Pay scales and your employees.
You know how to run your business quite well, keeping on top of the cost of materials, utilities as well as what your competitors are charging. What may mystify you are salary pay scales, Specifically, the amount of compensation and benefits any particular employee should receive. You need to know what to pay your people to attract and retain the best talent. Fortunately, there are some free tools you can use to help you pay your employees what they are worth and keep them from leaving.
Research Government Data
The best source for current wage information is provided by the federal government. Through the US Bureau of Labor Statistics, data is compiled for thousands of positions and that information is available at BLS.gov.
Visit the BLS website to pull up data for a specific job title. You should know that most job titles also have various names. A search of the BLS website can help you identify the title that is closest to the position you are researching.
Consider Local Variations
BLS data covers all 50 states in addition to the District of Columbia. That data includes wage information on the national level with salary averages for the 10th, 25th, 50th, 75th and 90th percentiles. The more experienced the individual and the higher the job requirements, the more likely your pay rate will coincide with a higher percentile.
The data also drills down to the individual states. This is important because salaries tend to vary widely from region to region as well as from state to state. You need to learn what those averages are in your area and plan accordingly.
Consider the Entire Compensation Package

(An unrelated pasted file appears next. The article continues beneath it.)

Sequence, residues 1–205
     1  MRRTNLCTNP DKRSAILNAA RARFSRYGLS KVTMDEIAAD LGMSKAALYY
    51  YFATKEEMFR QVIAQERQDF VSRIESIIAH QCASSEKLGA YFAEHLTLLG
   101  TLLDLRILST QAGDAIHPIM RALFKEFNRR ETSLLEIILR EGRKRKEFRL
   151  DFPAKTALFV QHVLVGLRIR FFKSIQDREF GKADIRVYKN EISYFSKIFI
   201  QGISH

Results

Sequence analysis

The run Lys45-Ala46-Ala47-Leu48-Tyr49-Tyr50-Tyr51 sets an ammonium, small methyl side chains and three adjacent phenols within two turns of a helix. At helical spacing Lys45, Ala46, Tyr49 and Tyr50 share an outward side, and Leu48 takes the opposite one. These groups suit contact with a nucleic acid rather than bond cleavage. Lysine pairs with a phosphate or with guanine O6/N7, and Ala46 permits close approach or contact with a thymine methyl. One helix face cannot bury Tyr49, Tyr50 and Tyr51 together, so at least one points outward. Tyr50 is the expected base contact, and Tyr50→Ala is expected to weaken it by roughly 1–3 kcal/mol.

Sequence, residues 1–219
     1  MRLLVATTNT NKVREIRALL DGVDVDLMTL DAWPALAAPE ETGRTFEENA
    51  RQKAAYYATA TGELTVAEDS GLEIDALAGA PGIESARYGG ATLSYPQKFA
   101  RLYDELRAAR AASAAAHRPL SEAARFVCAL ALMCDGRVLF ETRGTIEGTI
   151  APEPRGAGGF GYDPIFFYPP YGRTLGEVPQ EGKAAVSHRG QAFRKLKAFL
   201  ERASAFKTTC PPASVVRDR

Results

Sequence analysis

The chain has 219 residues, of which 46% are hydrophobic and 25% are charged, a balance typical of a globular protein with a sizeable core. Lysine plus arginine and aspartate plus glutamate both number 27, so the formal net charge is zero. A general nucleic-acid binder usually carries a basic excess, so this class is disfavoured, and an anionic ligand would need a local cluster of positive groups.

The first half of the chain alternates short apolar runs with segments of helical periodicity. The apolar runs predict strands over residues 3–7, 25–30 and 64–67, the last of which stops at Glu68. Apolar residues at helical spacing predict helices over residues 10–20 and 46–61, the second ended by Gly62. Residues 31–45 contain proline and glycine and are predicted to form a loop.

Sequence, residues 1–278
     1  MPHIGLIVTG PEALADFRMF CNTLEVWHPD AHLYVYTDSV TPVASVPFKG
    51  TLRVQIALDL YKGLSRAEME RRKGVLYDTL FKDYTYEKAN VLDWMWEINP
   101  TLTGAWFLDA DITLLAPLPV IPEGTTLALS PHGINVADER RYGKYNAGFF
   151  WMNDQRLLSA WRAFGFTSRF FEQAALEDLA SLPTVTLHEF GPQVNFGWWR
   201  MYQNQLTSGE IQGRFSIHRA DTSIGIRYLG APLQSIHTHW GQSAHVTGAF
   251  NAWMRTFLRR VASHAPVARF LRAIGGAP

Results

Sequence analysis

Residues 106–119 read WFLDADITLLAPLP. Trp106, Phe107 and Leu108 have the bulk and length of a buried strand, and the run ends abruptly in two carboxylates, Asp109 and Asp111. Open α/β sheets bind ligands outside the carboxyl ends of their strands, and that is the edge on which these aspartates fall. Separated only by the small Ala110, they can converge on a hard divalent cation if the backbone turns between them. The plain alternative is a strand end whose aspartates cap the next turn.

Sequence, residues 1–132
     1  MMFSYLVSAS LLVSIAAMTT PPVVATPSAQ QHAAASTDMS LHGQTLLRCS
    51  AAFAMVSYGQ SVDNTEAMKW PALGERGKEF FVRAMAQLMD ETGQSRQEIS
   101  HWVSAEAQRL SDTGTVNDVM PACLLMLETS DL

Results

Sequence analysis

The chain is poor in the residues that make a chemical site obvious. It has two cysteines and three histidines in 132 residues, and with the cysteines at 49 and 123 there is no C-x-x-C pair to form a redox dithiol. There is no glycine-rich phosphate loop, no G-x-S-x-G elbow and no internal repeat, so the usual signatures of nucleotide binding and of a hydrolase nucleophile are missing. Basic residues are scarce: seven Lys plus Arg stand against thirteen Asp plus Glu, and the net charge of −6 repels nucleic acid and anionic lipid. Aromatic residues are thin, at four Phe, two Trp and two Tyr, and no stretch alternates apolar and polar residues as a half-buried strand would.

While salary is important, it is by no means the only part of the compensation package. Fringe benefits, including sick pay, vacation pay, health and dental plans, eye care assistance, and a retirement plan are other costs that should be factored. You can leverage your fringe benefits package to attract top talent.
For smaller companies, competing on the same level as large corporations may seem like a losing proposition. This is where you need to emphasize that your business, although small, provides much more flexibility than what they might find with a larger competitor. For instance, you may not be able to match the bonus plan of a larger competitor, but you could offer flexible hours and a work-at-home option one day per week. Employees with families may place more value on a less rigid work structure than on better compensation found elsewhere.
Present Your Offer
With your salary and compensation package information in hand, you are ready to make an offer. If possible, make this offer in person instead of by letter or through e-mail. This will allow you to make a brief case for remuneration, before permitting the job candidate to ask questions. Following that, the candidate would accept or reject your offer, or she may ask for more time to consider it.
You may find that a prospective employee is not satisfied with your offer. Even with the best research accomplished, you may learn that your offer does not meet an individual’s needs. This may become apparent especially if the prospect has done her own research and has uncovered what a competitor pays. Consider meeting her counter offer, if you have the budget to do so and you do not want to lose an attractive prospect. Once you have come to terms you may conclude the process by formally sending a letter to the new employee outlining a start date, salary and fringe benefits.